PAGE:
smaller brains = ?

Discussion in 'Biology & Genetics' started by sculptor, Jul 24, 2018.

  1. sculptor Valued Senior Member

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    From John Hawks:
    http://johnhawks.net/weblog/reviews/brain/paleo/lynch-granger-big-brain-boskops-2008.html

    More at:
    http://johnhawks.net/weblog/reviews/brain/paleo/return-amazing-boskops-lynch-granger-2009.html

    I got into this while trying to find something of substance from a stray comment about boskop man.
    From a couple skull fragments found in 1913

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    Some people's imaginations went a tad on the wild side.

    OK
    The journey(so far) has led to the above quoted from John Hawks.
    Anyone have supportive evidence of his assertion?

    in general
    Your thoughts?

    potential reconstruction

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  3. origin In a democracy you deserve the leaders you elect. Valued Senior Member

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    Ain't evolution great!
     
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  5. iceaura Valued Senior Member

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    It's a standard prediction of Darwinian considerations - childbirth mortality is a severe selection pressure, so is child mortality over a long maturation outside the womb, and if some gain in efficiency or architecture would preserve the intelligence advantage in a smaller package its evolutionary advantage would be very likely decisive.
     
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  7. Write4U Valued Senior Member

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    Smaller brains, less diversity of thought, all the way down to pure motor control?
     
  8. sculptor Valued Senior Member

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    most likely not
     
  9. Write4U Valued Senior Member

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    I think it is. Look at the simplest organisms which are only reactive. Then look at humans who are pro-active due to evolved brain power which allows for more pro-active specialization.

    The cuttlefish once was a sea-slug. It's evolved brain now makes it relatively one of the most intelligent organisms in the ocean.
     
  10. Yazata Valued Senior Member

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    In general, my views are similar to the thing you quoted by Hawks.

    Just in general, phylogenetically and looking at organisms comparatively, organisms with larger brains do tend to be smarter.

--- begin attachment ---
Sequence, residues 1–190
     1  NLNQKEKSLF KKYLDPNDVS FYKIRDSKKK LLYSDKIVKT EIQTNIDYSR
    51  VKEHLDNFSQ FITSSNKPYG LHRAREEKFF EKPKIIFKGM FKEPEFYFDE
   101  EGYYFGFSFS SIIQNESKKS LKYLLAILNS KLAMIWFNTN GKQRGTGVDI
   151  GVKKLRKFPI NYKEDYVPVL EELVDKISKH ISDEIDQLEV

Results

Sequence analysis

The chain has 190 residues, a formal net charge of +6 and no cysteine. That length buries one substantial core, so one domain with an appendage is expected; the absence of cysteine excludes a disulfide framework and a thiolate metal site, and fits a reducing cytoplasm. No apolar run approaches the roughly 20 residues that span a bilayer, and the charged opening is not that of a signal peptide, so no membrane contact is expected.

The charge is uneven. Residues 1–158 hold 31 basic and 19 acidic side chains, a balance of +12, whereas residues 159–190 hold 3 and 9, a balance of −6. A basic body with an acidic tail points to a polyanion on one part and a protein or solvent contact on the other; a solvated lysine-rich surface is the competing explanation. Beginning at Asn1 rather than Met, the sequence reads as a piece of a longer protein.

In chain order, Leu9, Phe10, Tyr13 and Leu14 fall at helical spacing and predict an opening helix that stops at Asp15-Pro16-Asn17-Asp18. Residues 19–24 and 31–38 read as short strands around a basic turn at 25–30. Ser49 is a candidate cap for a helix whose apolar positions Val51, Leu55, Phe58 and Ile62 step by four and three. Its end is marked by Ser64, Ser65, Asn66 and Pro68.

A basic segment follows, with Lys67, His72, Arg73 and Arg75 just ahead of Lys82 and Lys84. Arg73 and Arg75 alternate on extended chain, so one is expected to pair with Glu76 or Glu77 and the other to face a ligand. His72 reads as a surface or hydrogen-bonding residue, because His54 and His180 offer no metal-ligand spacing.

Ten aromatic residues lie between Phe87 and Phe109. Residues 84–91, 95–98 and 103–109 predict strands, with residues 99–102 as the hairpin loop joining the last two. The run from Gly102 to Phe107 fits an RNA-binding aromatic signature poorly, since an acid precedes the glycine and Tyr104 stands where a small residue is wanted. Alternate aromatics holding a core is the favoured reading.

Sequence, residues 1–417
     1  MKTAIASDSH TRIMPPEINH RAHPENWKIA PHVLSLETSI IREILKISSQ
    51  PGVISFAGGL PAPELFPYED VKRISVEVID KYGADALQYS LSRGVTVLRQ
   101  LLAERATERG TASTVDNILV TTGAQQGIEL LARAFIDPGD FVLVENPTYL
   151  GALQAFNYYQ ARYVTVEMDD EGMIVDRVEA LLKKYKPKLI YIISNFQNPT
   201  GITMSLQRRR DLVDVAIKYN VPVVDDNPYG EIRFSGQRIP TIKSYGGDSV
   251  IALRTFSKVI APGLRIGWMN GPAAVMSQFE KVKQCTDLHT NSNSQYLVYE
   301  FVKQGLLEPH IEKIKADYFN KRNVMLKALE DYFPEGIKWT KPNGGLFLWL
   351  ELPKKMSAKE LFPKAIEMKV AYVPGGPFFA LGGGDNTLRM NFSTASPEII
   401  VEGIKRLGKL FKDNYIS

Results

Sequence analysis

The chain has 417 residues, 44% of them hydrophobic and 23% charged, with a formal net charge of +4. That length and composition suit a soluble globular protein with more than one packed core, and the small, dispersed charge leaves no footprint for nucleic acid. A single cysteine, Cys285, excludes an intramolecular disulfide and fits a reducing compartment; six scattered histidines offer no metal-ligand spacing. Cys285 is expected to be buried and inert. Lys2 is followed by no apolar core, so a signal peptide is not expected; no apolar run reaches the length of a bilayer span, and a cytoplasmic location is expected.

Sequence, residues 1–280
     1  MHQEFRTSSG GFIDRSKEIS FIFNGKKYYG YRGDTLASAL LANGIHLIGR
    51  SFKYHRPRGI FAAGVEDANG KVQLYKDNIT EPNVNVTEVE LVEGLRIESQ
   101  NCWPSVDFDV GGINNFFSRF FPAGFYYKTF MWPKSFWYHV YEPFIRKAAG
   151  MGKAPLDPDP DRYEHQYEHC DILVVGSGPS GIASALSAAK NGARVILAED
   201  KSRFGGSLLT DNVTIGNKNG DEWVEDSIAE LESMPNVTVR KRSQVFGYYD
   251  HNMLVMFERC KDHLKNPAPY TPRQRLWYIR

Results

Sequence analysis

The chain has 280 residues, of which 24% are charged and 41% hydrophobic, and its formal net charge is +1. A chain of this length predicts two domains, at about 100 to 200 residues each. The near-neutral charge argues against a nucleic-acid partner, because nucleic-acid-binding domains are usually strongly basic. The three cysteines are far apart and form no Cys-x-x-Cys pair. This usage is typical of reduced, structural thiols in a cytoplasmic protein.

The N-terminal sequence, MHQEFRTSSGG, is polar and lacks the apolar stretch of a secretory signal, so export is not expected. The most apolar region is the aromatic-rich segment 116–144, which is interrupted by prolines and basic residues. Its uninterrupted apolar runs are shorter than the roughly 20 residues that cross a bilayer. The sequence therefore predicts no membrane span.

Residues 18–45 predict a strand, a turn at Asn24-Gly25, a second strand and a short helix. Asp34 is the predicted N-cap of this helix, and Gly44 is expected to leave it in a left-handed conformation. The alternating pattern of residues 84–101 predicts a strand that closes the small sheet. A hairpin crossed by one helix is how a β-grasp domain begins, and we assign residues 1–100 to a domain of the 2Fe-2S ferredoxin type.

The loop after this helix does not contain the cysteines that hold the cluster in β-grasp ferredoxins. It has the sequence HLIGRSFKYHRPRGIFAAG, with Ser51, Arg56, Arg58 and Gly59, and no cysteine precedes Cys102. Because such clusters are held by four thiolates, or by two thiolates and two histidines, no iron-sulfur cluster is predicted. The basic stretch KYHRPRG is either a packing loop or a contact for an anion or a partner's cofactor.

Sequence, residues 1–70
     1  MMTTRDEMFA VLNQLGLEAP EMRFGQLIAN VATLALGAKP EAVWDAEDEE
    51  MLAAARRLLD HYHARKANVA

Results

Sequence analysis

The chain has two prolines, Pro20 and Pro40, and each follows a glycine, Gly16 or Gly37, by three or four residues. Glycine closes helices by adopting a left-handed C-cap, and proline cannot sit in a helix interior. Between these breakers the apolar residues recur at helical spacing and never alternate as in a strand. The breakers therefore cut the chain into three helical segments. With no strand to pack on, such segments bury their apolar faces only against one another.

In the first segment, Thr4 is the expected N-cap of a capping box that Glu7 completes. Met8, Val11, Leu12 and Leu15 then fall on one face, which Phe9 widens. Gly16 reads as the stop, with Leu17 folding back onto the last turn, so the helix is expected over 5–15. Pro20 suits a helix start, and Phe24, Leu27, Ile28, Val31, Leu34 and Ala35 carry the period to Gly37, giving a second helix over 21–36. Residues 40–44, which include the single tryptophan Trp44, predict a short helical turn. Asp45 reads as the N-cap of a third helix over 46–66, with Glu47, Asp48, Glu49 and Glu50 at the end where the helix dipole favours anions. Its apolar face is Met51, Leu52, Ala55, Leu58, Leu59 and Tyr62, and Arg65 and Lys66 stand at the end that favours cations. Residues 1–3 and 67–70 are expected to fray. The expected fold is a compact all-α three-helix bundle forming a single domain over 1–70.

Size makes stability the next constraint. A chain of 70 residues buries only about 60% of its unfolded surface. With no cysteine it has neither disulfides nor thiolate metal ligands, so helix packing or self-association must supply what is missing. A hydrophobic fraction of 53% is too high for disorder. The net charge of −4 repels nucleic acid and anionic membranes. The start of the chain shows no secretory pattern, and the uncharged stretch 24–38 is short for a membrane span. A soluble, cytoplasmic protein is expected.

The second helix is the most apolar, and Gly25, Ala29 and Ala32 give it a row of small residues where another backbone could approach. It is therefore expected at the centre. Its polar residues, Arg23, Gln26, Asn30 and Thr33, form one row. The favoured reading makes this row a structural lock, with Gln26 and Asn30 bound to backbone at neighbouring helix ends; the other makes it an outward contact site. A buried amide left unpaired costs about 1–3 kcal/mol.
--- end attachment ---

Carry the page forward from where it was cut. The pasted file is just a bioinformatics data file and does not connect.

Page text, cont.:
But it isn't absolutely linear.

    I've always been struck by the birds, with tiny little heads but very alert and capable of very complex behavior.

    And with regards to humans, Hawks might be on to something when he points out that brains are expensive in energy and nutrients.

    So not only would there be selective value in growing the brain, since that would presumably correspond to smarter organisms, there would also be advantage in shrinking the brains as long as that didn't impact intelligence too dramatically. So combining the two contrary imperatives and we might have selective pressures towards an efficiency that can do more with less, so to speak. Some biological equivalent of algorithmic efficiency.
     
  11. Write4U Valued Senior Member

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    Is it possible that the overall size of the brain has shrunk, but that the surface area has actually increased, i.e. more folds allowing for greater density of neurons.
    That would accomplish both desired effects of resource and energy management.
     
  12. Jake Arave Icthyologist/Ethologist Registered Senior Member

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    I believe this theory as to why brain size reduction has been happening is quite mainstream among biologists. The reduction has been observed continuously since the early 1900’s — the only real conjecture is the question why? I would argue that it’s a variety of factors, specifically in recent history the advancements of agriculture perhaps weren’t as intellectually challenging or maybe the diversity of their diets not as pervasive. Like most patterns of evolution it seems hard to pinpoint exactly the how and the why of it all, but energy consumption and compartmentalization seem most likely.
     
  13. sculptor Valued Senior Member